Managing product dates are a critical part of the cannabis industry, second only to making a quality product. Successful operators are actively managing the entire lifecycle of what they produce, and actively track the age something was produced along with other key dates, to help ensure the freshness and quality of their products. A product’s expiration date is the last date to be managed, but can be the most consequential. Once the expiration date hits, your options become extremely limited. You can attempt to re-process the product, but not all products can be reprocessed, and the cost is very high and may not be worthy what you are able to extract. Then, the only other option is to destroy the product, a complete loss. So how do you effectively manage to expiration date?
How expiration dates are set
Always check your local regulations, but the majority of states set expiration dates based on the TESTED date, not the packaged date. Once the test results for a product come in, the clock starts ticking.
How products are purchased
Expiration date is certainly a factor – no organization would willingly buy expired product unless they expected to be able to reprocess it for a profit – but most organizations purchase based on harvested or packaged date, when the product was “created”. A common threshold is “90 days” – this is often used as a benchmark for freshness and quality.
How to effectively manage product dates
The first step to is to actively manage your inventory. What do we mean by “actively manage?” It means to have a clear accounting of every package you have, where it is located, how much, and how old it is. Appature makes this easy with two reports: Inventory Aging and Active Inventory:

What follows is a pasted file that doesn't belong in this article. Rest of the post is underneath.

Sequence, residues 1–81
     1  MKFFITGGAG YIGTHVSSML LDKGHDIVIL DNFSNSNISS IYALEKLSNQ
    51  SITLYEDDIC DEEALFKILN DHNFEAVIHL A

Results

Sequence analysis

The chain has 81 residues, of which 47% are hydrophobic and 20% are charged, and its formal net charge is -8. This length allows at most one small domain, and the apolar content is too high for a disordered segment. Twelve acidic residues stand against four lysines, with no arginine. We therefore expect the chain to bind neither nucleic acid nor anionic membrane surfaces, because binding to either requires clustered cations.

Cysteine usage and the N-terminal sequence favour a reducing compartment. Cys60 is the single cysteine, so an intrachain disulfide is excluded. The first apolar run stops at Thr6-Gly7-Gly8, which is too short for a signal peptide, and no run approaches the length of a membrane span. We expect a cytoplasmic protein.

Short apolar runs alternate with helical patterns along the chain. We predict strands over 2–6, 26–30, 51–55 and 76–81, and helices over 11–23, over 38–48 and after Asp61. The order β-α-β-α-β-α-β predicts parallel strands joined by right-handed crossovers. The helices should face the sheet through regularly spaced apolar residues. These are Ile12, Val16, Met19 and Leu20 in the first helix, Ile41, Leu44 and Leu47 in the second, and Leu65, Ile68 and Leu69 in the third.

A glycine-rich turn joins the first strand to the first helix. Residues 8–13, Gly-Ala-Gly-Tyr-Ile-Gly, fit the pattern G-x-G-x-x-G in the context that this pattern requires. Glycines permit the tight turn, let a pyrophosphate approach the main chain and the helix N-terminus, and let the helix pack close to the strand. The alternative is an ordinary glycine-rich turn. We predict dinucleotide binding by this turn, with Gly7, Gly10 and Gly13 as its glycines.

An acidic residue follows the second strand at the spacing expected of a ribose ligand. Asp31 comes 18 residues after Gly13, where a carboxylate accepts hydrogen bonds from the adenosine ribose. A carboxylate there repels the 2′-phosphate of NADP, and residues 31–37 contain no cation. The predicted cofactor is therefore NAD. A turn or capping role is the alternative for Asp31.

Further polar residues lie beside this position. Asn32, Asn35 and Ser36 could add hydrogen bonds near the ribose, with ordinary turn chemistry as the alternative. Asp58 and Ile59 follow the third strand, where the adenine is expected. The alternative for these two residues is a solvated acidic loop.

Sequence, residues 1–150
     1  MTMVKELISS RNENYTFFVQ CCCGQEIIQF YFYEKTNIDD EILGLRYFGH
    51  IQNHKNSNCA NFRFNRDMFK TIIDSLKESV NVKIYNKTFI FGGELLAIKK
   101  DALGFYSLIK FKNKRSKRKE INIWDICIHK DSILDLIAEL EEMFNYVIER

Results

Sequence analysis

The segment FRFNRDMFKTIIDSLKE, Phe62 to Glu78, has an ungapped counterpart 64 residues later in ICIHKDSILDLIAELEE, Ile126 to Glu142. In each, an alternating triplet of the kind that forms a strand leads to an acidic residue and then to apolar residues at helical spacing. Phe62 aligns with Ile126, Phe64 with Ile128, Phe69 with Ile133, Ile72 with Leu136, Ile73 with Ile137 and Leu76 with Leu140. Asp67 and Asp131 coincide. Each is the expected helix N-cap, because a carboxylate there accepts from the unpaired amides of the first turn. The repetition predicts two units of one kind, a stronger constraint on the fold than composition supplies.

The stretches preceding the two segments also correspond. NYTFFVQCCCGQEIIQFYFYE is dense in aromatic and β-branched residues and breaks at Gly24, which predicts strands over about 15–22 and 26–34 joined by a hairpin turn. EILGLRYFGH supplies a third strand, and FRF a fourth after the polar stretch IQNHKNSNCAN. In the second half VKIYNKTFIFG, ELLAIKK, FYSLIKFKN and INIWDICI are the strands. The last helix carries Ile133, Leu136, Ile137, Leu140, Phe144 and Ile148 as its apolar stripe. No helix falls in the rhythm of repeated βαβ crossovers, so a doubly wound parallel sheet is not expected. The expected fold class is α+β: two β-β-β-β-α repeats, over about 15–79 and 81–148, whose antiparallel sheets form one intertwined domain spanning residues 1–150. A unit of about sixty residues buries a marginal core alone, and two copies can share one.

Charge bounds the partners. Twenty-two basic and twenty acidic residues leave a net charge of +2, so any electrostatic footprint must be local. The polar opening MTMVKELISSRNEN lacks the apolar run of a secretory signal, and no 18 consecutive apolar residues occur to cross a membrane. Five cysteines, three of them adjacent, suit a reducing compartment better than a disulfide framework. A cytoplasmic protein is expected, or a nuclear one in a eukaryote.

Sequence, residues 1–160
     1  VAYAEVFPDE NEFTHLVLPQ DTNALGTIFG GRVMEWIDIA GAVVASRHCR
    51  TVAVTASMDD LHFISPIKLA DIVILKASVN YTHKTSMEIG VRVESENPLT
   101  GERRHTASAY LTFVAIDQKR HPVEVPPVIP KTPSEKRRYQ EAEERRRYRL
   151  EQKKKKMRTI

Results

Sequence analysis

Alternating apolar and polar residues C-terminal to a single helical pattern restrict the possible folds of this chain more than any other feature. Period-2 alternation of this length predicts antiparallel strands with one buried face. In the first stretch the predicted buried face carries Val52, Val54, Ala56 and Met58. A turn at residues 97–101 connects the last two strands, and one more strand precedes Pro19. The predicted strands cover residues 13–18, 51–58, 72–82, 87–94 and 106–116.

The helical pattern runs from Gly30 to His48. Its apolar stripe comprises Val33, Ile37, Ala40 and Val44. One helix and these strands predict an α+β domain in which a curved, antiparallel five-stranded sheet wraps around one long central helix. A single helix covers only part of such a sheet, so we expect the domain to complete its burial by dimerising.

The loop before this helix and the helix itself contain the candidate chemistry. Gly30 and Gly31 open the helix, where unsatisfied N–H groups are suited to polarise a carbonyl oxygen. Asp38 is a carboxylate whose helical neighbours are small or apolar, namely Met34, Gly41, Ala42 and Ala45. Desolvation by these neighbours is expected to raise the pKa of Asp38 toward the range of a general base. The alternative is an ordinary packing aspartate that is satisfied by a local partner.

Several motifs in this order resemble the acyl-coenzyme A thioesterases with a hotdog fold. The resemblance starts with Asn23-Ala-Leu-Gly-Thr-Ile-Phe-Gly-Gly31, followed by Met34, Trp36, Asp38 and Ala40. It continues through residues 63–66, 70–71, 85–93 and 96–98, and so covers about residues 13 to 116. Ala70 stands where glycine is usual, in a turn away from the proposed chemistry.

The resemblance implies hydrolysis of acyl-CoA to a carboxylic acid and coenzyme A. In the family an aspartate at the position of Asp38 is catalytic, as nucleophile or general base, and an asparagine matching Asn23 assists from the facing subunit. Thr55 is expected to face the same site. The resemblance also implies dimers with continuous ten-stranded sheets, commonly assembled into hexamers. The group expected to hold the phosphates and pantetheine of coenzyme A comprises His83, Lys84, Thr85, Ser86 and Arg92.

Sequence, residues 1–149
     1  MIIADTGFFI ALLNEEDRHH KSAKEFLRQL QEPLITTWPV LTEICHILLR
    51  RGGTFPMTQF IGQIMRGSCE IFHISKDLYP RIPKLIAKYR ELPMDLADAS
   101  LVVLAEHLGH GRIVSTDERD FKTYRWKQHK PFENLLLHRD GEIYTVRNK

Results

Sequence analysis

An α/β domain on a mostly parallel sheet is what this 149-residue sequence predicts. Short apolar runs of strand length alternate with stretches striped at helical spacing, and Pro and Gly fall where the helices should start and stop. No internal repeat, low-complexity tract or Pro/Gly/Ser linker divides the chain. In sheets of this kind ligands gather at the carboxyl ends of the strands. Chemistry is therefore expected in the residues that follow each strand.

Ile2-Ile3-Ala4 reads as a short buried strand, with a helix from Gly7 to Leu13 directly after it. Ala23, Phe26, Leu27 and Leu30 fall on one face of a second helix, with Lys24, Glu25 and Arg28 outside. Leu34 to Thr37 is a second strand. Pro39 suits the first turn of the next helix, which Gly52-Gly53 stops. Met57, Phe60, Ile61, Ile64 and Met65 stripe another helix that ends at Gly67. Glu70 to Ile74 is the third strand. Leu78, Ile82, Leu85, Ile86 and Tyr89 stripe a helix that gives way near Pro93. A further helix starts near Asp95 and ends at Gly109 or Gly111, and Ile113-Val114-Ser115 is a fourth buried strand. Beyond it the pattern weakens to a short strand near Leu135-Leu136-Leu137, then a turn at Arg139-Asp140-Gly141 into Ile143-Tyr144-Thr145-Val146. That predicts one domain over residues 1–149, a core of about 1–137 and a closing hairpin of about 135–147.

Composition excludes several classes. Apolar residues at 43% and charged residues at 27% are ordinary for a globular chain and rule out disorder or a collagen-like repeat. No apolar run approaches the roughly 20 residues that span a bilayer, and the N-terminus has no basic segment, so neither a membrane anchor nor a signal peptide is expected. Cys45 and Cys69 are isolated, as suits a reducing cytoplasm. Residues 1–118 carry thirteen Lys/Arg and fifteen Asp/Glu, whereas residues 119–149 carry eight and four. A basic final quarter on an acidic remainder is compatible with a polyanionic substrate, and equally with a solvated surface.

Inventory aging gives you an immediate view to two aspects of actively managing your inventory – age and location. Use aging to quickly understand what products are at risk for depreciated value (90+ days).
Active Inventory provides all the minute details you need to get your inventory into shape. Use age to identify products at risk of expiration and work an action plan for those first. Next, look into the products approaching 90 days. Many wholesale and retail customers will not purchase anything 90 days beyond the packaged date.
This naturally creates some tension, as the tested date will typically be at least a few days later than the packaged date, depending on how quick testing turnaround is.
To avoid costly mistakes and having to scramble to move inventory, a regular part of your daily and weekly inventory routines should be checking ages. First, check for packages that are approaching a year past the tested date. Next, check the inventory approaching 90 days. Those two areas should be priority for the sales team. These routine checks will significantly reduce the amount of inventory you lose due to expiration and increase the average value of your inventory by helping make sure you sell before it hits key depreciation dates.